How To Be More Involved In Your Child’s Education

Recent research has discovered that the more involved a parent is in their child’s academic journey, the higher the chances the child will perform well in school. Children thrive when they are provided with a supportive environment, and usually seek ways to feel validated. So, if their parents are involved with their studies, they are likely to try harder as an attempt to impress. What’s more, having support at home will make it easier for a child to overcome any hurdles they are faced with, with regards to both their schoolwork and any personal battles. Regardless of the reason why parental involvement can improve a child’s performance, it’s crucial that parents acknowledge the research and do their best to help their children where possible. I have teamed up with a prep school in the South West to provide the following guidance.

 

An easy way to become more involved in your child’s learning is to ensure you are available during homework sessions. A child who can ask for help when they get stuck is more likely to persevere and complete the task than a child who is struggling and has no-one around to guide them. Of course, it’s not wise to answer the questions on your child’s behalf, as the teachers won’t know that they struggled. Instead, try and help them by explaining the question in a different way or doing some research together to find the answers. If you can’t be available to your child when they’re doing their homework, due to work or other commitments, perhaps consider hiring a private tutor to help in your absence. What’s more, ensure your child has a suitable desk space set up where they can complete their homework. This space should be neat and organised, and certainly free from distractions, with all of the necessary stationery and study guides.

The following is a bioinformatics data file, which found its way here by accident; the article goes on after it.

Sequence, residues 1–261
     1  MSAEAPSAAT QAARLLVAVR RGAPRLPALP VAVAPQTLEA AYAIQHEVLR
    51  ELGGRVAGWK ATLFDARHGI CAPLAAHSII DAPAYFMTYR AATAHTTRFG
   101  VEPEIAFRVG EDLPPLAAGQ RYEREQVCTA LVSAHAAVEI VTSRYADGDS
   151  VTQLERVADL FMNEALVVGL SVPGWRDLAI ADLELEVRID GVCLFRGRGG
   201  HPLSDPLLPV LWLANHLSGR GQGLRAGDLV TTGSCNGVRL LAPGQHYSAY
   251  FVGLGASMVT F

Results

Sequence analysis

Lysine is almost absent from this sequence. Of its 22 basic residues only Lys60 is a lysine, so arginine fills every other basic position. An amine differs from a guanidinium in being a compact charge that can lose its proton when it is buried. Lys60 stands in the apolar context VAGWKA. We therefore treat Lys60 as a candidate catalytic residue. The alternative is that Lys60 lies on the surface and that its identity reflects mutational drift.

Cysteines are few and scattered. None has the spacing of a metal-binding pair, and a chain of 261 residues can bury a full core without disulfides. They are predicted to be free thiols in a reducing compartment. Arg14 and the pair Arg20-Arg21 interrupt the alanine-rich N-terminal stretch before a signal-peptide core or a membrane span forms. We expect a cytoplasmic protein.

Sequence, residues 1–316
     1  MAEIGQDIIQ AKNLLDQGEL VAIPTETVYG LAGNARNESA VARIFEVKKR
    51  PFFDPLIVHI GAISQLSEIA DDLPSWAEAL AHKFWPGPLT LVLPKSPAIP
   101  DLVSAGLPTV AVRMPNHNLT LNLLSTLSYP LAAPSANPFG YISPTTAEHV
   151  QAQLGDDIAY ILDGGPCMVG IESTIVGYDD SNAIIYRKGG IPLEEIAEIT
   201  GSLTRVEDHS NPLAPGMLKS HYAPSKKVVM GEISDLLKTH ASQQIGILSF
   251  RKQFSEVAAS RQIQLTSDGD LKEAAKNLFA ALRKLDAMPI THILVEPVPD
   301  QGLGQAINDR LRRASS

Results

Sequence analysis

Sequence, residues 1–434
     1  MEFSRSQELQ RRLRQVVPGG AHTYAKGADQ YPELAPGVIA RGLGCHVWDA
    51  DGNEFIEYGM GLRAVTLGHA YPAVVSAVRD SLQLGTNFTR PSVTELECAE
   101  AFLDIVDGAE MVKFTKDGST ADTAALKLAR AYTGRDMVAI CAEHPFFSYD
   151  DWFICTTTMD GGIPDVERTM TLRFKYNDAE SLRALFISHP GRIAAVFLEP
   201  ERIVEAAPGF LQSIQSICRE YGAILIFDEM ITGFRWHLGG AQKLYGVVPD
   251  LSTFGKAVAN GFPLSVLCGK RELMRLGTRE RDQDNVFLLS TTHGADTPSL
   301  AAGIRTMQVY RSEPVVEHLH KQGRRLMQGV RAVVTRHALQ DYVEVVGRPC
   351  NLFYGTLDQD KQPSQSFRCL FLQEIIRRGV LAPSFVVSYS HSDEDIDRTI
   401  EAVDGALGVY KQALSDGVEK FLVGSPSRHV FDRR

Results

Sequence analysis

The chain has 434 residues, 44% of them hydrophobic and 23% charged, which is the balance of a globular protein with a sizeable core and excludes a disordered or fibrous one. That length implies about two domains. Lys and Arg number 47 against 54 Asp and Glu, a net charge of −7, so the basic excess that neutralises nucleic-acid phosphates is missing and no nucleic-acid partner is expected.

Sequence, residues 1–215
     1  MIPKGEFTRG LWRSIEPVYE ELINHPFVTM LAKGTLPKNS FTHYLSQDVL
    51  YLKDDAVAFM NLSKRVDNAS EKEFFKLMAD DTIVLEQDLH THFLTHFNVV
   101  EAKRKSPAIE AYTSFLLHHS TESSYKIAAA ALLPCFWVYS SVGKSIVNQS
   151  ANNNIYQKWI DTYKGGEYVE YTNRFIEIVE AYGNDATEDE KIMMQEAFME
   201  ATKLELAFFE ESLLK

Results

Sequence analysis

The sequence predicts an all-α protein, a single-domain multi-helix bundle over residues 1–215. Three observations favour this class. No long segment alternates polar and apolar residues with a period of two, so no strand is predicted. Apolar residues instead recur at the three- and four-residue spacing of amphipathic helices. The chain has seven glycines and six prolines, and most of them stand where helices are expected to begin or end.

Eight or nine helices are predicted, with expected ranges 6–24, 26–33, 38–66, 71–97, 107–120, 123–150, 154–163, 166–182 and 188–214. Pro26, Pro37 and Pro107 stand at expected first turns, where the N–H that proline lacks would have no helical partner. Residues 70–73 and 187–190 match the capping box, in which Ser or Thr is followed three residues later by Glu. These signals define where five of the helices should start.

Attending parents’ evenings and other school events is another sure-fire way to demonstrate to your child that you have an active interest in their school performance. Where possible, you should even arrange to catch-up with your child’s teacher regularly throughout the year so that you can monitor their progress. The two of you can work together to resolve any problems so that your child is able to reach their full potential. If they are struggling with any of their lessons, you could ask the teacher if there are any revision clubs during lunch breaks or after school that your child could attend, which is especially useful in the run up to exams. The teacher will also be able to advise you on any age-appropriate learning resources that you could look into at home.

 

Disclosure: This is a collaborative post

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